This edition of Opus 14 is edited by cellist Jeffrey Solow, past president of the American String Teachers Association. His fingerings and bowings are tasteful and very helpful. He includes measure numbers as well, and both part and score are easy to read. Solow’s edition follows the 1922 Simrock reprint of the early Senff edition, circa 1875, labeled “Concert-Polonaise,” quite closely, and he is careful to notate the differences between actual slurs and his own suggested bowings. His fingerings tend to be easier and more comfortable than those in the Simrock reprint.
Cellist Jeffrey Solow, past president of the American String Teachers Association, has recently edited Popper’s Opus 14 Polonaise. Solow’s fingerings and bowings are tasteful and very helpful. He includes measure numbers as well and both part and score are easy to read. The 1922 Simrock reprint of the early Senff edition, circa 1875, labeled “Concert-Polonaise,” which is available online as a free download from the International Music Score Library Project, Petrucci Music Library, includes fingerings and bowings—assumedly from the composer himself. —Sarah Freiberg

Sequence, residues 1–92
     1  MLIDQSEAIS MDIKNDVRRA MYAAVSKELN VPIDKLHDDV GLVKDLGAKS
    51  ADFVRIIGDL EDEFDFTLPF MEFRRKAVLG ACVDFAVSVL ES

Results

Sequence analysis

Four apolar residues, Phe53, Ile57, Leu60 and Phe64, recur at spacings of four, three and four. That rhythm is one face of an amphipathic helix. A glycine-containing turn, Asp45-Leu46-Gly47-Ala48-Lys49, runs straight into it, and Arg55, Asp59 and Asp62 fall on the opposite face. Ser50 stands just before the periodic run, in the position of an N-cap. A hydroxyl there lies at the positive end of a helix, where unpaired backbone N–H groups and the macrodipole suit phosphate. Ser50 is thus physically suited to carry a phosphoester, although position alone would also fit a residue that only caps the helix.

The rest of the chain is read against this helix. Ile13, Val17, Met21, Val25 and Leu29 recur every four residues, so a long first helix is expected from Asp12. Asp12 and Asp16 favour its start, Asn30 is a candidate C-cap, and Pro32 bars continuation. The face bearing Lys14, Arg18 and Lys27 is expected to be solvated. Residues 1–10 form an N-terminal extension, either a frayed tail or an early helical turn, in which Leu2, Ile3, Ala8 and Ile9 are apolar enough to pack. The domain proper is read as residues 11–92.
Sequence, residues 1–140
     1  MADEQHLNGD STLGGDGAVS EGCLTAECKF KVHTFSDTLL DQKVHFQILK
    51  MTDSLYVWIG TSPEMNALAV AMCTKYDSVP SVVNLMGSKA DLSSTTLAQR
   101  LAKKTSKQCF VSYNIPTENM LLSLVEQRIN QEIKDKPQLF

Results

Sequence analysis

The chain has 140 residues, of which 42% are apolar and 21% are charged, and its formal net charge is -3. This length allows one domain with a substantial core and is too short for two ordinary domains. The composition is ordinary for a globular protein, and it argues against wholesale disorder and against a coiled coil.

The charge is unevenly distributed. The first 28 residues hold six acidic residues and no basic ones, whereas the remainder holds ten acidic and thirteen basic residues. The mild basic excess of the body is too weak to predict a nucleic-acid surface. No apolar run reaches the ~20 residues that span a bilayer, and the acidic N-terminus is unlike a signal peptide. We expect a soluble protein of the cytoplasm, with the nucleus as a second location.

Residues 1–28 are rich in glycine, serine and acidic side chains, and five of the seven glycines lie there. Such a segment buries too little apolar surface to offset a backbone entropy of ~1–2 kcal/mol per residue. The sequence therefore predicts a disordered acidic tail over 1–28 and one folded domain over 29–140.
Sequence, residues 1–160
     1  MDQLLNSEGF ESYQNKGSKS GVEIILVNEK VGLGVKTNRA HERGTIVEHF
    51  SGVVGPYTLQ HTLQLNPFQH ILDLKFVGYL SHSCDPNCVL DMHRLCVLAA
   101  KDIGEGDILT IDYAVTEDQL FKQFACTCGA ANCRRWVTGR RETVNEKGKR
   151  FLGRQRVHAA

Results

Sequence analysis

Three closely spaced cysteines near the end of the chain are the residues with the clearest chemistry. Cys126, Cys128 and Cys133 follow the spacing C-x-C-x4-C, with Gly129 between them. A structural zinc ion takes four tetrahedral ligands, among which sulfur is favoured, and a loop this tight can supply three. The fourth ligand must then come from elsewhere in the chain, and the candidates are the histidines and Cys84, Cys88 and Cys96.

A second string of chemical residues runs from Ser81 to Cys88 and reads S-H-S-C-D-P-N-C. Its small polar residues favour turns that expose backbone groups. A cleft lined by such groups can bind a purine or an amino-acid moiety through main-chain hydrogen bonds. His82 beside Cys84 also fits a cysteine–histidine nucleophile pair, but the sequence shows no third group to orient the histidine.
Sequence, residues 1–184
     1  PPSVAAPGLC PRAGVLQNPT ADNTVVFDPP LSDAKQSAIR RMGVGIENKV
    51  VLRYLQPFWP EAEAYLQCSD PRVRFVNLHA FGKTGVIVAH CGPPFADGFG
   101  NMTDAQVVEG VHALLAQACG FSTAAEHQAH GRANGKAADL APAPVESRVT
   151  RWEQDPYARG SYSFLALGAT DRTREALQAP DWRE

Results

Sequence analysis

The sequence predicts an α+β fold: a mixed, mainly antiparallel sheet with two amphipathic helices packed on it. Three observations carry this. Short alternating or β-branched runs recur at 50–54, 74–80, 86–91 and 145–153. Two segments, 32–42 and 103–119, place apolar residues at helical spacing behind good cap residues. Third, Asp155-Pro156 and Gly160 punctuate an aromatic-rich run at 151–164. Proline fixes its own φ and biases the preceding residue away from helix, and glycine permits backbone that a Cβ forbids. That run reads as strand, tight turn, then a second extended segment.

Tango Trio for violin, cello, and piano, Op.71 by Miguel del Aguila. Peermusic, $24.95.
Born in 1957 in Uruguay, Miguel del Aguila is one of today’s most acclaimed living composers. Aguila moved to the United States in 1978 and received a degree from the San Francisco Conservatory.
After continuing studies in Vienna and finding success as a composer and pianist, he moved back to the States in 1992. His opera, orchestra, solo, and chamber music works have been published by Peermusic since 1986 and performed by professional musicians on stages worldwide.
Aguila’s “Tango Trio” was premiered by the New Arts Trio in 2002 at the Chautauqua Institution in New York. The 12-minute piece is an Argentine-Uruguayan tango with traditional elements of early tango along with unexpected modern flair. This edition is for violin, cello, and piano, but another version exists for clarinet, cello, and piano.
The piece is written for advanced musicians and some may find it to be rhythmically challenging.
The composer notes, “The tango rhythmic pattern is present through the entire work, but undergoes several tempo meter transformations, becoming at times highly syncopated and varied through asymmetrical groupings within the measure.”
Rich, melodic lines are mostly with the violin and cello, and the piano part provides the detailed texture of the tango, with light arpeggios and exciting rhythmic counterbalancing. —B.M.